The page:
Let’s first look at the multiple-seat gain or loss states, which tend to be a wash in terms of partisan divide. In Texas, the biggest gainer, the new seats of TX-25, 33, 34, and 36 are headed for a 2R-2D split. In Florida, their two new districts, FL-9 and FL-22, look to be leaning Democratic (certainly so for FL-22), but the campaign evolving in the new 9th puts the outcome in question. Republicans have recruited a strong candidate in local county commissioner John Quinones, while the Democrats are again tapping controversial one-term ex-Rep. Alan Grayson who was defeated for re-election in 2010.

On the multiple-seat reduction side, both Ohio and New York also appear to be neutralizing themselves between the parties. Both sides look to lose one net seat in each state.

But it is among the single-seat gaining and losing states where the GOP has scored well. The Republicans look to be coming out on top in gainers like Georgia (GA-9), South Carolina (SC-7), and Utah (UT-2). Democrats will have a slight edge in Arizona’s new district (AZ-9), and are likely winners in Nevada (NV-4), and Washington (WA-10).

In the states losing congressional representation, while New York and Ohio don’t give either party a clear advantage, Democrats are forced to absorb the loss in Massachusetts (MA-10), New Jersey (NJ-13), Michigan (MI-15), Pennsylvania (PA-4), and Missouri (MO-3). Republicans take the hit in Illinois (IL-19) and Louisiana (LA-7).

The GOP looks to be headed for conversion victories in Arkansas (AR-4, Rep. Mike Ross retiring), Oklahoma (OK-2, Rep. Dan Boren retiring), and likely in Indiana (IN-2, Rep. Joe Donnelly running for Senate). They will also gain three to four seats in North Carolina, but those are neutralized by what appear to be similar gains for Democrats in Illinois. All totaled, before the campaigns hit their stretch drive, it is the GOP that now enjoys a slight post-redistricting advantage and makes a 2012 House majority change even more remote.

A Look at Key June 12 Results

In addition to the Arizona election noted in our previous blog post, several key states hosted primary and run-off elections last night. Two Democratic run-offs were held in Arkansas, and freshman incumbent Rick Crawford (R-AR-1) and open-seat nominee Tom Cotton (R-AR-4) now have official Democratic challengers.

In the 1st District, a seat made even more Democratic in redistricting, District Attorney Scott Ellington slipped past state Rep. Clark Hall 51-49 percent, despite the latter having the financial advantage. This will be an interesting contest since the 1st District is even more Democratic, but Arkansas figures to be one of President Obama’s worst states. The evolution of this campaign will be worth watching.

In retiring Rep. Mike Ross’ 4th District, state Sen. Gene Jeffress romped to an easy 61-39 percent win, despite primary first place finisher Q. Byrum Hurst outspending him. Jeffress will now face Cotton in the general election. Despite the lopsided run-off win last night, this district is a prime GOP conversion opportunity.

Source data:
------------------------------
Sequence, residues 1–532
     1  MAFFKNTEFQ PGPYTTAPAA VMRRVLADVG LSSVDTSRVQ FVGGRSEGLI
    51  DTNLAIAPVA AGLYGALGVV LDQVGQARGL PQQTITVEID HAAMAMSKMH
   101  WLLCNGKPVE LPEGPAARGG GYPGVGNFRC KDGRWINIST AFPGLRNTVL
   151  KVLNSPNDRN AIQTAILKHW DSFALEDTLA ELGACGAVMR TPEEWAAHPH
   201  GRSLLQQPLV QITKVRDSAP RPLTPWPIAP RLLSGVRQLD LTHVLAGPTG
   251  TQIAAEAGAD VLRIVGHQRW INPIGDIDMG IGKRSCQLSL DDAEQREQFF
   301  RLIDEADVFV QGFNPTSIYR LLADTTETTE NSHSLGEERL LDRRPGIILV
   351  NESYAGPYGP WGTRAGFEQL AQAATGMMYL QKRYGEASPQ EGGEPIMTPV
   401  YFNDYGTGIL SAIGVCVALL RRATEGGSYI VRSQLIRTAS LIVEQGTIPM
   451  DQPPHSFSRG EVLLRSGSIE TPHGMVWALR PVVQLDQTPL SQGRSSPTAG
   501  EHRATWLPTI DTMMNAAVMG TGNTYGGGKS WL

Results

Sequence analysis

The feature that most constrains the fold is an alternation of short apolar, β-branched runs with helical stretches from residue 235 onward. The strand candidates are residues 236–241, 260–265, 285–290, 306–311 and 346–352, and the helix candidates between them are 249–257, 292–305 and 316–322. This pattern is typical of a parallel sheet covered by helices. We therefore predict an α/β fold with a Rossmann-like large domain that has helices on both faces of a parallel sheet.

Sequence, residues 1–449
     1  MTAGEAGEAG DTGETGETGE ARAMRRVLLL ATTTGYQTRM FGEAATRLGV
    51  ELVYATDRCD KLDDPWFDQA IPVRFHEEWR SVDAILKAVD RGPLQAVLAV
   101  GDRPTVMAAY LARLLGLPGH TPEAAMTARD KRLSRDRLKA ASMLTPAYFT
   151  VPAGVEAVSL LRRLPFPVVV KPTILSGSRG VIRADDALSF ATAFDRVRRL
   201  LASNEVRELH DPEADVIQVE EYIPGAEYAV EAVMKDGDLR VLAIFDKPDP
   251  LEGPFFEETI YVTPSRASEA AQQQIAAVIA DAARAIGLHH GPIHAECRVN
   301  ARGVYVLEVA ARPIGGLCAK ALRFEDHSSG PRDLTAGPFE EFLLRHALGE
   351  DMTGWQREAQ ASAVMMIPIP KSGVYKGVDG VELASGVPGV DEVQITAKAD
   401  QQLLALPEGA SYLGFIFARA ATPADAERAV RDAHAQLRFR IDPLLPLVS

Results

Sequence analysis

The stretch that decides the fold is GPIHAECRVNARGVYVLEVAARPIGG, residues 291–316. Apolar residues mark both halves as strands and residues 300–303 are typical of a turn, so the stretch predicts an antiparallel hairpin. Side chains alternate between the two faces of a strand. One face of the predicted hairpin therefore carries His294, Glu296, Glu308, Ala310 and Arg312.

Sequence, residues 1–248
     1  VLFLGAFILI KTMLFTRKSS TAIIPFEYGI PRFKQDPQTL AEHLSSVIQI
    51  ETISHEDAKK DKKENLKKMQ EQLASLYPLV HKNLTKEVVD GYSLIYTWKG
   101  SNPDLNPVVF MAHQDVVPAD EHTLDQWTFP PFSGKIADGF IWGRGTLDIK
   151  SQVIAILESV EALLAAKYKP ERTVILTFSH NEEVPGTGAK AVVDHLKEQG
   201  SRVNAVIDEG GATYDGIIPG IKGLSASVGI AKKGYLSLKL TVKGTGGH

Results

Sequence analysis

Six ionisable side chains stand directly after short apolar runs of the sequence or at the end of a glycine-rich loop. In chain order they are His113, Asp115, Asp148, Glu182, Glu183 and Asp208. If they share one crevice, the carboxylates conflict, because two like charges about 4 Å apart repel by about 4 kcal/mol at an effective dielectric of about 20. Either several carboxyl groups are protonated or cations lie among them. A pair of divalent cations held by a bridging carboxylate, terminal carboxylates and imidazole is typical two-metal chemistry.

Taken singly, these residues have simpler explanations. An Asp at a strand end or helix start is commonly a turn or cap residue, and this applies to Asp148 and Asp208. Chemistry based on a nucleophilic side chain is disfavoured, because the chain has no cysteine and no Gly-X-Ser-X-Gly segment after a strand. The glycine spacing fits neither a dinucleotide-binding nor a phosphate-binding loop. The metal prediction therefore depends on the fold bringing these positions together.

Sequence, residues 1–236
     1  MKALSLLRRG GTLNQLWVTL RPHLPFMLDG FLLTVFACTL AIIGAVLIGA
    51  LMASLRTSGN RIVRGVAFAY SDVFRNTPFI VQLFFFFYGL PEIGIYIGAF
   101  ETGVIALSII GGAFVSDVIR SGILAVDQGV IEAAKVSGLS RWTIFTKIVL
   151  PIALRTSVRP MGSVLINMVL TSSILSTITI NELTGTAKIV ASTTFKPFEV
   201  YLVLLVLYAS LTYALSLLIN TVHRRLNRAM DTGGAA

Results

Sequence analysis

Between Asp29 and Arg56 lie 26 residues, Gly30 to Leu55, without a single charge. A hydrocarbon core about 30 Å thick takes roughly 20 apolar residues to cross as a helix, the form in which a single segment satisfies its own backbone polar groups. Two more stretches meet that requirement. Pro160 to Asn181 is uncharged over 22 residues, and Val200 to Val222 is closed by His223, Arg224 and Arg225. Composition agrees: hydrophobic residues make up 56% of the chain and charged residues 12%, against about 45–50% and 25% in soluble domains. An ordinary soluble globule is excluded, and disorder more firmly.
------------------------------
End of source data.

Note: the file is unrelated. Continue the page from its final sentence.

In Maine, state Sen. Cynthia Dill (D) scored a strong 45-35-12 percent victory over former secretary of state Matt Dunlap and state Rep. Jon Hinck, respectively. Dill will face the GOP winner, former secretary of state Charlie Summers, and Independent former governor Angus King. In Dill, the Democrats have a candidate who will run a credible campaign, which, ironically, will help Summers. The only way the Republicans have a chance in a Maine statewide race is to win a close three-way race, and the groundwork is now laid for such a contest. King is still the overwhelming favorite, but it is the Dill campaign that will now help determine how this race progresses in November. This campaign has the potential of becoming quite interesting.

The North Dakota Republican electorate chose a congressional nominee different from the party-endorsed candidate. Former at-large congressional nominee Kevin Cramer upended public service commissioner and Republican convention-endorsed candidate Brian Kalk by a 55-45 percent score. Cramer will face former state representative Pam Gulleson who was unopposed for the Democratic nomination. He now becomes the prohibitive favorite to win the open seat in the November election.

In South Carolina’s new 7th District, as expected, former lieutenant governor Andre Bauer and Horry County Commission Chairman Tom Rice advanced from the primary and will decide the Republican nomination in a June 26 run-off election. Bauer placed first with 32 percent of the vote as compared to Rice’s 27 percent, but the former’s margin may not be enough to hold the lead in the secondary campaign. On the Democratic side, former Georgia state representative Gloria Tinubu scored an outright 52 percent win over attorney Preston Brittain and three others. Tinubu resigned her seat in the Georgia legislature earlier in the year to come to South Carolina and run for the state’s new congressional district, an unusual situation to say the least. The Republican nominee will be the heavy favorite to win the seat in November.

Finally, in Virginia, former senator George Allen (R) was renominated with a somewhat disappointing 66 percent of the vote for the right to reclaim the seat he lost six years ago. The ex-senator defeated three minor GOP candidates. Allen will now face former governor Tim Kaine (D) in a general election campaign that promises to go down to the wire.